As these new systems require some of the latest, powerful computer hardware, it also means that people will have to buy new equipment, and those on lower incomes will not be able to recycle older computers to find a low-cost route into the digital domain. Currently it is possible to use an older computer to access digital music and other online information if you can find the right software. But as electronic publishers move towards enforcing DRM controls only those who have DRM-enabled systems will be able to access DRM-protected content. What is worse, DRM systems not only protect against copying, but they are also able to enforce the method of use, or the number of times a particular piece of information can be used. For this reason computer systems will cease to be tools to access information, but instead they will take on a role more akin to a digital set-top box that enforces "pay-per-view" access.

As was said recently, Microsoft's new Vista system has to be paid for but they throw in the bugs and security flaws for free. Vista will not end the problem of computer viruses, or even spyware – especially as some of the recent spyware systems have been implemented by the producers of digital content rather than malicious software writers. But on top of the usual problems associated with new Microsoft systems, DRM represents another layer of problems that the users of computers will have to get used to... but it need not be so – there are real alternatives to Microsoft, expensive, hi-tech. hardware and the "closed" model of computing that are being forced onto the public today! Our new goal is to highlight these alternatives so that the public has a real choice over what systems they use.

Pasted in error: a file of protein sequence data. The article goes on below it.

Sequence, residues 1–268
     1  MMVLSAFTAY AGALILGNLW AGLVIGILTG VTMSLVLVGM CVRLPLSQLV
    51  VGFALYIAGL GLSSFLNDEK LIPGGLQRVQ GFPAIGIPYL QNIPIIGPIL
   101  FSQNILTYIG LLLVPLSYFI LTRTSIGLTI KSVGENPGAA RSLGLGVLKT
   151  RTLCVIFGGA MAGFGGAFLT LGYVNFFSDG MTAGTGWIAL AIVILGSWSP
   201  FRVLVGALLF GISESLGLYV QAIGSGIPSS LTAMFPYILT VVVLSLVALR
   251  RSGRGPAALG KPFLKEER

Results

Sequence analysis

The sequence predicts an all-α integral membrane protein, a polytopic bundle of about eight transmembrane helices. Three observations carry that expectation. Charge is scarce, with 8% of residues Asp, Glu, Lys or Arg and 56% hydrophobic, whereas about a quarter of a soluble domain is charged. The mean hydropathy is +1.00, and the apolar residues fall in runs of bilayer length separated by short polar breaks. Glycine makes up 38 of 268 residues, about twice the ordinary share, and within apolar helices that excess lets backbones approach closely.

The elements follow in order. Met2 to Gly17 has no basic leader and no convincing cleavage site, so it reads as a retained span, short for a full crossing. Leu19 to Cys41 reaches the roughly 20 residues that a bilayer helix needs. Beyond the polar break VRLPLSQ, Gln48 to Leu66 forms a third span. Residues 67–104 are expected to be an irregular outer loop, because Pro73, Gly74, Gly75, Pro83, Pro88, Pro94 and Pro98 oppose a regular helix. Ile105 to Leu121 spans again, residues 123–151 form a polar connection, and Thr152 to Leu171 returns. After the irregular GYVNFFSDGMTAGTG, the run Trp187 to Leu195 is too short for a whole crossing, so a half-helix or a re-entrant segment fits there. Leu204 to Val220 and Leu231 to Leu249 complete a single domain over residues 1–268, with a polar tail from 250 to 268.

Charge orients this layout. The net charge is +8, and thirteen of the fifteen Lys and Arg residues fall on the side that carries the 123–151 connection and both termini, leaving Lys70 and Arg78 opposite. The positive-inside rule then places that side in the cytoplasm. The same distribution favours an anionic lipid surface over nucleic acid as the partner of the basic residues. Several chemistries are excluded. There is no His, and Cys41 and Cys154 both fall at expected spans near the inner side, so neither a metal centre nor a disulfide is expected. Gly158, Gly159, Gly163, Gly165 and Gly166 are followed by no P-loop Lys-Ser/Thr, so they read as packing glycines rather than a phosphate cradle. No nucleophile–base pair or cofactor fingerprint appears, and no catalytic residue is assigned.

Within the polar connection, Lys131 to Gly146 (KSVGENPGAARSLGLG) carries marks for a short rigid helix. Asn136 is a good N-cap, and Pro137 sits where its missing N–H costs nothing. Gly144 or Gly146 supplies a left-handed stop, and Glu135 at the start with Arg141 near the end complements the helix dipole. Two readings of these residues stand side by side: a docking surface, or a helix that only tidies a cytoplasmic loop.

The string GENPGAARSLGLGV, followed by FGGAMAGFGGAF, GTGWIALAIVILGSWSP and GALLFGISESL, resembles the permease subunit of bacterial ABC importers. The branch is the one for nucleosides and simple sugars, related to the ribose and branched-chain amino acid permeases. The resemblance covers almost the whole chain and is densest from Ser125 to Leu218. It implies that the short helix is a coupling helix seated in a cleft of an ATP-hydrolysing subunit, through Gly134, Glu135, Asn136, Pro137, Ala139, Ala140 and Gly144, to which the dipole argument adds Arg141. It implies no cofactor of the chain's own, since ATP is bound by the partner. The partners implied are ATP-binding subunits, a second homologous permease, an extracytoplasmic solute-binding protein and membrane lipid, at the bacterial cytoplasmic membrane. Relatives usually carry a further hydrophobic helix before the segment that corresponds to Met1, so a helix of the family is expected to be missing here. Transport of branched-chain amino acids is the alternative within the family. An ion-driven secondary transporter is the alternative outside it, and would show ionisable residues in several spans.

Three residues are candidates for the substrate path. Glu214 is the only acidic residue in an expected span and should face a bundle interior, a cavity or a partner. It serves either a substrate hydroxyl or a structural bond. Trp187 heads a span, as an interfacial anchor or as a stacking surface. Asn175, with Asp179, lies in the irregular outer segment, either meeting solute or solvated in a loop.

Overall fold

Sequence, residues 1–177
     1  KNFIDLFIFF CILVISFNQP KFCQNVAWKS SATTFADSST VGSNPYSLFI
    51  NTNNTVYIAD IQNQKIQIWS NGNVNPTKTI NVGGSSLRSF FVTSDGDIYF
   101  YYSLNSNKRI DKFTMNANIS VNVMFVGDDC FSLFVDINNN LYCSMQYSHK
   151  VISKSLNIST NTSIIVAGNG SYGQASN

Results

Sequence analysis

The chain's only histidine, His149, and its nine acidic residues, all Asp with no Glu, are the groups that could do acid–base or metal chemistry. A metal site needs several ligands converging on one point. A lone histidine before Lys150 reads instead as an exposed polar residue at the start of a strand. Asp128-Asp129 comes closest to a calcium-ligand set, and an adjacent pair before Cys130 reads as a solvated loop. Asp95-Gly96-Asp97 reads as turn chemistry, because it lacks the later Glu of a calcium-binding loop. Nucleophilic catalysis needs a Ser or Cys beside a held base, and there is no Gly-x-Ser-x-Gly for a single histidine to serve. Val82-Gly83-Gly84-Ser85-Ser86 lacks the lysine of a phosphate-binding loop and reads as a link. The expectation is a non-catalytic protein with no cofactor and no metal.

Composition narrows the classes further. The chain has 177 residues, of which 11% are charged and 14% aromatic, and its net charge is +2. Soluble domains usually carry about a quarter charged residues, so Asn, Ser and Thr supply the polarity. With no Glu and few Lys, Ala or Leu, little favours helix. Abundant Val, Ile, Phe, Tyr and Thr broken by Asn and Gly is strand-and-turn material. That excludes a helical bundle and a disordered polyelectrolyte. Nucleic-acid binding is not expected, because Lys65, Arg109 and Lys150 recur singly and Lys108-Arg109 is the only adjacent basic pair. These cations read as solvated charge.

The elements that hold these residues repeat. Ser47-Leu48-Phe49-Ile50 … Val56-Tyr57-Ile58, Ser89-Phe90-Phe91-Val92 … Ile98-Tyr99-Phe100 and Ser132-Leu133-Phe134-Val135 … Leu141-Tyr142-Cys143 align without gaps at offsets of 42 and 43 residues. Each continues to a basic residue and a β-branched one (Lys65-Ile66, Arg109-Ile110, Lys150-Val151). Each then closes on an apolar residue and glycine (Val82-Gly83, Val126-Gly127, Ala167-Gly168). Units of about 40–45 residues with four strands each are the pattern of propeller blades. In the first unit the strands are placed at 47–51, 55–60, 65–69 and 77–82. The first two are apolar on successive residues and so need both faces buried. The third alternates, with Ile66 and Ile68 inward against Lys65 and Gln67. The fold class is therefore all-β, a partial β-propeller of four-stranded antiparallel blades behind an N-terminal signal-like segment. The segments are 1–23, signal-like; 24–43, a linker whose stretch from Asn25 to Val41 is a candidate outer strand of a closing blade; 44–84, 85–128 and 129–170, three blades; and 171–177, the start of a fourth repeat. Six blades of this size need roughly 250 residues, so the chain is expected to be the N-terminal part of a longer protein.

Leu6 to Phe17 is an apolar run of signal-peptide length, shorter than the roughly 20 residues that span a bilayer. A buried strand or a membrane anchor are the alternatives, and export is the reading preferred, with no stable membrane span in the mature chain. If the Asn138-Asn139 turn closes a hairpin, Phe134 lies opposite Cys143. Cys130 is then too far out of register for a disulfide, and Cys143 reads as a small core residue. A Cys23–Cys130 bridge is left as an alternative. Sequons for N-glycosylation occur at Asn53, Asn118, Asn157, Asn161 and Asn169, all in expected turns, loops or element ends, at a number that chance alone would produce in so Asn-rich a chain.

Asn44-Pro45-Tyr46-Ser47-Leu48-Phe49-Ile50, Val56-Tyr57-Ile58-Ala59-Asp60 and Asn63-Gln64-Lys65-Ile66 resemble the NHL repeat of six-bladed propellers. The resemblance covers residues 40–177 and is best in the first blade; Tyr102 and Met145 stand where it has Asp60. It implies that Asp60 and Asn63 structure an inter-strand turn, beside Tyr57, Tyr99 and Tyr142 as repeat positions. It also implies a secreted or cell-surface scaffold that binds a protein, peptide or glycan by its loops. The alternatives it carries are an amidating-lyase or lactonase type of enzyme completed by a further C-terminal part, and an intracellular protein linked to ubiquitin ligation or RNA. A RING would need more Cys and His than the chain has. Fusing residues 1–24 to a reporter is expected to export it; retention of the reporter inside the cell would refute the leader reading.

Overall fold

the electrohippie collective have come together once again to use our particular skill-set to highlight the damaging effects of Vista and DRM. But we have also formed a closer relationship with the Free Range Network, and their Salvage Server and Community–Linux Training Centre projects. Together we hope not just to raise awareness of the problems that the expanded use of DRM, enabled by the Vista system, will create. We will also seek to raise awareness of the alternatives to proprietary software. Using the Free Range Network's experience we hope to promote a greater understanding of the Gnu/Linux operating system, and the real alternatives that free and open source software represent to computer users today. In our view, once people understand the difference, they will voluntarily switch.

However, even though people have a choice over which system they use, we still have the problem that public bodies and other institutions are wedded to proprietary systems. Therefore, as part of our new range of actions, we will be lobbying, and perhaps taking mass participation actions online against, those public bodies that try to enforce the use of proprietary standards via their web site, or who use DRM to control access to the information that they hold under statute on behalf of the public....
we foresee an interesting few years ahead!

the electrohippie collective
21st September 2006